about it, he said, Ive got to put this thing someplace. He motioned Siegel to a seat and
picked up an old-fashioned glass from a table, a chair from nearby, dragged the chair to the
entrance of what Siegel presumed was the kitchen, stood on the chair, took a thumbtack from
his pocket, stuck it through the umbilical cord of the pig foetus and tacked it onto the molding
over the entrance, hammering with the bottom of the glass. He jumped down off the chair and
above him the foetus swung dangerously. He looked up at it. I hope it stays there, he said,

and then turned to face Siegel. Fetching, isnt it? Siegel shrugged. Dada exhibit in Paris on
Christmas eve, 1919, Lupescu said, used one in place of mistletoe. But ten to one this group
wont even notice it. You know Paul Brennan? He wont.
I dont know anybody, Siegel said, Ive been sort of out of touch. I just got back from
overseas last week. All the old crowd seems to have drifted away.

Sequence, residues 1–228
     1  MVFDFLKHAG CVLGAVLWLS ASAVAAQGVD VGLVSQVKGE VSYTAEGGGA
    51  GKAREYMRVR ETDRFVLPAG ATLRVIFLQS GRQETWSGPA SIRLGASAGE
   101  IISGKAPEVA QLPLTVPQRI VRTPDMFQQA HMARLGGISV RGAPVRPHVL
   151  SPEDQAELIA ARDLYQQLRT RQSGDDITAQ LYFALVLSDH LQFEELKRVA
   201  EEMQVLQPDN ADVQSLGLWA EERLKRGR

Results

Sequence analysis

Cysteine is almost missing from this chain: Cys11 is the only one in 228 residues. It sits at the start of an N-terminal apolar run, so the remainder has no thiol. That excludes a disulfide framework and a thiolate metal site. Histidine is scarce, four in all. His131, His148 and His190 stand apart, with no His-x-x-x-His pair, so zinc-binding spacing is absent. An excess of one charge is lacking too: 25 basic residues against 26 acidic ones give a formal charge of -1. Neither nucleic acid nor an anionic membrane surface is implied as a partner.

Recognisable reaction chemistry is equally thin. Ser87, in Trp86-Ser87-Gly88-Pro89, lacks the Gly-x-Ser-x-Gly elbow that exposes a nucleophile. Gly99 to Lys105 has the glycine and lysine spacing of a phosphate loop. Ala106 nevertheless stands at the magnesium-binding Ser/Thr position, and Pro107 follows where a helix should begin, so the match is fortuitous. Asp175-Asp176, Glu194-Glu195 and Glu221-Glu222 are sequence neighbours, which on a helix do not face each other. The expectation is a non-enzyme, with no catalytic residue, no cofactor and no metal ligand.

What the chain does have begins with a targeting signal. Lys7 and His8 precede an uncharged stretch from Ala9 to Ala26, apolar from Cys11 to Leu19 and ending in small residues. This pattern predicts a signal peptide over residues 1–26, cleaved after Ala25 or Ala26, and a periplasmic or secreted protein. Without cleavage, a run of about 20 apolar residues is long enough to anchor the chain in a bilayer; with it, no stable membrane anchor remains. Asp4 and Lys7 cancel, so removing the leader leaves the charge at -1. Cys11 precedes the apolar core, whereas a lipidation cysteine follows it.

Lupescu stuck his hands in his pockets and looked around the room. brooding. I know,
he said grimly. Big turnover. But the types are constant. He moved toward the kitchen,
glanced in, paced back again to the French windows, then suddenly turned and shot out a
forenger at Siegel. You, he almost roared. Of course. Youre perfect. He advanced toward
Siegel menacingly, stood looming over him. Good grief, Siegel said, cowering a little. Mon
semblable, Lupescu said, mon frere. He gazed at Siegel. A sign, he said, a sign, and
deliverance. Siegel could smell alcohol fumes on Lupescus breath. I beg your pardon,
Siegel said. Lupescu began pacing around the room.
Only a matter of time, he said. Tonight. Of course. Why. Why not. Pig foetus. Symbol.
God, what a symbol. And now. Freedom- Deliverance, he screamed. Genie. Bottle. Century
after century, until Siegel, sher of souls, pulls the cork. He began running around the room.
Raincoat, he said, picking a raincoat up off the sofa, shaving gear. He disappeared into the
kitchen for a moment, came out with an overnight kit in his hands wearing the raincoat. He
paused at the door. Its all yours, he said. You are now the host. As host you are a trinity:
(a) receiver of guests-- ticking them off on his ngers--(b) an enemy and (c) an outward
manifestation, for them, of the divine body and blood.
Wait a minute, Siegel said, where the hell are you going?
The outside, Lupescu said, out of the jungle.